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Characters

Meet the Sheep Who Inspired the Green Grass, Still Waters Characters

Willfred

The real “Woolfred Lamb,” the main character in Green Grass, Still Waters.

Woolfred

was born on our farm in January, 2013.  His mother’s name was Ivy.  Since Ivy was not strong enough to take care of Woolfred after his birth, (unusual for Gulf Coast sheep), we raised him on a bottle while she got into a healthy condition.  Woolfred went with us to several public events, not minding the attention, since he was so use to being around people!  The first 2 pictures below are from the night he was born.  You can see he was about the same size as our cat, Edward, but when Woolfred stood up, his long legs made him taller than Edward.  Woolfred’s coloring in the book, is patterned after Barney, another lamb we had with those exact markings.  Linda and I thought the brown ears and nose would make the character look distinctive, so the Woolfred in the book is really a combination of 2 lambs we had on Restoration Farm.  Notice Woolfred has a tail.
Woolfred newborn Woolfred and Edward

Woolfred tree

Woolfred grazing under his favorite tree, where he may have had a few conversations with Dotty Spot and April Brown.

Dotty Spot

is one of the Icelandic sheep I got unexpectedly Christmas Eve, 2012.  They had been well cared for at the farm of my shepherd friend who brought them to Louisiana, but it was no longer safe for them to stay there with his horses.  They were

Dotty Spot

The real Dotty Spot.

unaccustomed to being handled very much, so the new sheep and I had a long process of getting to know one another!
Green Grass, Still Waters was inspired in part by an experience my daughter Sherilyn and I had of chasing Dotty Spot through the wild woods behind out house.  She had escaped through the barbed wire fence, and was not eager to trust me enough to follow me back to the pasture.  After losing sight of her, and getting lost ourselves, Sherilyn and I finally made it back to the barn to discover Dotty had already delivered herself home, because she was drawn to April Brown (who was contented to stay with us) and didn’t want to leave her.  I always loved Dotty’s trademark spot across  her shoulders.  Her color pattern is known as “badger face”.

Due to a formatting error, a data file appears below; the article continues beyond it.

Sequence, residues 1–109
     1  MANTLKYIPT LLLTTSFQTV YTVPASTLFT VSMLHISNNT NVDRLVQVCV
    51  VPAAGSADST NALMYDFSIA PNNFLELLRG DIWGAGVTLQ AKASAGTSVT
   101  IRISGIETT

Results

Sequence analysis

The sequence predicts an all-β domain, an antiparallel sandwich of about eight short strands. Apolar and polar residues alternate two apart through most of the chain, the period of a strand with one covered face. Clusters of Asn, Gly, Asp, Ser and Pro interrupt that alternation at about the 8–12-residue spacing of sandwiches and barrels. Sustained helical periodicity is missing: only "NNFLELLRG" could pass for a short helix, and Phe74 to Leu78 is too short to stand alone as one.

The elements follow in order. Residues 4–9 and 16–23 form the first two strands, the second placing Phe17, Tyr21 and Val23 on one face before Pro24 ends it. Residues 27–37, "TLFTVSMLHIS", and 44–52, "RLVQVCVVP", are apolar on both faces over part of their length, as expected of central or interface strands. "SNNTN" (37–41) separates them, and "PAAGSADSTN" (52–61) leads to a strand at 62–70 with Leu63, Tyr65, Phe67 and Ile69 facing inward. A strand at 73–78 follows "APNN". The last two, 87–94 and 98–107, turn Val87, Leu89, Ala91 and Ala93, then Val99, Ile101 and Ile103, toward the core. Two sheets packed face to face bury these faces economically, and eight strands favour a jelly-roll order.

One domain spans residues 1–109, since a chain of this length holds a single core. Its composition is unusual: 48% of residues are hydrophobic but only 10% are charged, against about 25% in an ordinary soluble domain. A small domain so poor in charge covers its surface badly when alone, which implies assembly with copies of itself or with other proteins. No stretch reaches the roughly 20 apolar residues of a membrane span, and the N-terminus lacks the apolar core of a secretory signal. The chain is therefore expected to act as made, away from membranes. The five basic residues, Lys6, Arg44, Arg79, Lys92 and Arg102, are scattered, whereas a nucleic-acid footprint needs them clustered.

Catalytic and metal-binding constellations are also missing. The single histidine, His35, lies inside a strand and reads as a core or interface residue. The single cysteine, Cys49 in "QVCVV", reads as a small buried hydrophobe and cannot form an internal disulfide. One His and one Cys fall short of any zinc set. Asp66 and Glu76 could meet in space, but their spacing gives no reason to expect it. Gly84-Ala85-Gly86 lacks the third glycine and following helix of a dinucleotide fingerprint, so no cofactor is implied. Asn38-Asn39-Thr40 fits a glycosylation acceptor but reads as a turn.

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Dotty Spot (middle) and April Brown (left) enjoying winter hay next to a Gulf Coast flockmate (right).

April Brown

trusted us more, because she arrived at our farm ahead of the rest of the flock.  She had a little more time with us, and had learned to trust us from watching the other sheep.  April Brown and Dotty Spot, really were best friends, and spent many hours grazing and napping together, always seeming to prefer and choose one another’s company above others. April’s mother, Katy Brown, and twin brothers Cardigan and Truffle are part of our flock, too.  They have always been remarkable sheep, obviously quicker at problem solving and always being the first to let me know when they want something.  They have their own way of communicating what they want both vocally and with body language.  Truffle loves to eat oranges, crushing the fruit and holding it up in his mouth so the juice runs down his throat.

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April’s beautiful brown coat would fade in sunlight, and renew in color at each shearing.

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April always had blond wool under her throat, and on her belly.

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